What will happen when we first encounter sentient beings from outer space? In this action-packed account of first contact between the human denizens of Earth and an alien species, Murray Leinster details the tense early interactions between clashing spaceships. Is long-term coexistence possible? Read The Aliens to find out.
54 pages, with a reading time of ~1.0 hour (13,701 words), and first published in 1959. This DRM-Free edition published by epubBooks, 2015.
a nice book
Wei Jundong May 31, 2015
At 04 hours 10 minutes, ship time, the Niccola was well inside the Theta Gisol solar system. She had previously secured excellent evidence that this was not the home of the Plumie civilization. There was no tuned radiation. There was no evidence of interplanetary travel–rockets would be more than obvious, and a magnetronic drive had a highly characteristic radiation-pattern–so the real purpose of the Niccola’s voyage would not be accomplished here. She wouldn’t find out where Plumies came from.
There might, though, be one or more of those singular, conical, hollow-topped cairns sheltering silicon-bronze plates, which constituted the evidence that Plumies existed. The Niccola went sunward toward the inner planets to see. Such cairns had been found on conspicuous landmarks on oxygen-type planets over a range of some twelve hundred light-years. By the vegetation about them, some were a century old. On the same evidence, others had been erected only months or weeks or even days before a human Space Survey ship arrived to discover them. And the situation was unpromising. It wasn’t likely that the galaxy was big enough to hold two races of rational beings capable of space travel. Back on ancient Earth, a planet had been too small to hold two races with tools and fire. Historically, that problem was settled when Homo sapiens exterminated Homo neanderthalis. It appeared that the same situation had arisen in space. There were humans, and there were Plumies. Both had interstellar ships. To humans, the fact was alarming. The need for knowledge, and the danger that Plumies might know more first, and thereby be able to exterminate humanity, was appalling.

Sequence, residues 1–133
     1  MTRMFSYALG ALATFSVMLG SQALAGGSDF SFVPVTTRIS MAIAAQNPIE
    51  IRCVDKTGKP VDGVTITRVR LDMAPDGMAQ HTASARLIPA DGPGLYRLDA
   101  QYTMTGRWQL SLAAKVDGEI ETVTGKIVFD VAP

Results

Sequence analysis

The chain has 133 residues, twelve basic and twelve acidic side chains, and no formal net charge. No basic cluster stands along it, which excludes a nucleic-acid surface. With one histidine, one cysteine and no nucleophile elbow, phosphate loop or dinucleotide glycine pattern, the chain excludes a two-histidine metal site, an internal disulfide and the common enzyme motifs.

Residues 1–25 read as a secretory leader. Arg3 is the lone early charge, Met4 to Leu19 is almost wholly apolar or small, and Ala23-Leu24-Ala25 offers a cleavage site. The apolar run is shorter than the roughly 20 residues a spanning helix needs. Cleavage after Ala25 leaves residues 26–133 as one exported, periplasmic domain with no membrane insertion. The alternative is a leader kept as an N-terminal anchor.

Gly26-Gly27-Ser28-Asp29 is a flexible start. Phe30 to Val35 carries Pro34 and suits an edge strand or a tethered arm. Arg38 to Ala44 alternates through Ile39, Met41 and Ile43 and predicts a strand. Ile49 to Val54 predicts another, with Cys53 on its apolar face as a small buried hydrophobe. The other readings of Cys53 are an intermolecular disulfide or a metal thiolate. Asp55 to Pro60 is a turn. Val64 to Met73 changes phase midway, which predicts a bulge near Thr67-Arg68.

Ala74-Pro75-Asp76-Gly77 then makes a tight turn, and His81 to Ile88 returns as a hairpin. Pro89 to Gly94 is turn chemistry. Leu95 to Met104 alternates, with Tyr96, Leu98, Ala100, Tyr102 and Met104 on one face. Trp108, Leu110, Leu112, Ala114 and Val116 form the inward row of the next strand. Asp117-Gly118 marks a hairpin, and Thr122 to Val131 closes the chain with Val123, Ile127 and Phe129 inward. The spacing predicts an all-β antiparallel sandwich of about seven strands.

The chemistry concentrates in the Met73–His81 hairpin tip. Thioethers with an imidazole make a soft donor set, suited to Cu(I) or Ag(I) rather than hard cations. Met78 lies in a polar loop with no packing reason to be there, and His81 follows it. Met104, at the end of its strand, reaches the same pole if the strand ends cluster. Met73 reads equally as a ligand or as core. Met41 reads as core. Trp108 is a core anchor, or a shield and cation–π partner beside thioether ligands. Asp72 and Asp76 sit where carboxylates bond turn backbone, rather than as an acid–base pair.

Therefore the Niccola. She drove on sunward. She had left one frozen outer planet far behind. She had crossed the orbits of three others. The last of these was a gas giant with innumerable moonlets revolving about it. It was now some thirty millions of miles back and twenty to one side. The sun, ahead, flared and flamed in emptiness against that expanse of tinted stars.
Jon Baird worked steadily in the Niccola’s radar room. He was one of those who hoped that the Plumies would not prove to be the natural enemies of mankind. Now, it looked like this ship wouldn’t find out in this solar system. There were plenty of other ships on the hunt. From here on, it looked like routine to the next unvisited family of planets. But meanwhile he worked. Opposite him, Diane Holt worked as steadily, her dark head bent intently over a radar graph in formation. The immediate job was the completion of a map of the meteor swarms following cometary orbits about this sun. They interlaced emptiness with hazards to navigation, and nobody would try to drive through a solar system without such a map.
Elsewhere in the ship, everything was normal. The engine room was a place of stillness and peace, save for the almost inaudible hum of the drive, running at half a million Gauss flux-density. The skipper did whatever skippers do when they are invisible to their subordinates. The weapons officer, Taine, thought appropriate thoughts. In the navigation room the second officer conscientiously glanced at each separate instrument at least once in each five minutes, and then carefully surveyed all the screens showing space outside the ship. The stewards disposed of the debris of the last meal, and began to get ready for the next. In the crew’s quarters, those off duty read or worked at scrimshaw, or simply and contentedly loafed.
Diane handed over the transparent radar graph, to be fitted into the three-dimensional map in the making.
“There’s a lump of stuff here,” she said interestedly. “It could be the comet that once followed this orbit, now so old it’s lost all its gases and isn’t a comet any longer.”
* * * * *
At this instant, which was 04 hours 25 minutes ship time, the alarm-bell rang. It clanged stridently over Baird’s head, repeater-gongs sounded all through the ship, and there was a scurrying and a closing of doors. The alarm gong could mean only one thing. It made one’s breath come faster or one’s hair stand on end, according to temperament.
The skipper’s face appeared on the direct-line screen from the navigation room.
“Plumies?” he demanded harshly. “Mr. Baird! Plumies?”
Baird’s hands were already flipping switches and plugging the radar room apparatus into a new setup.
“There’s a contact, sir,” he said curtly. “No. There was a contact. It’s broken now. Something detected us. We picked up a radar pulse. One.”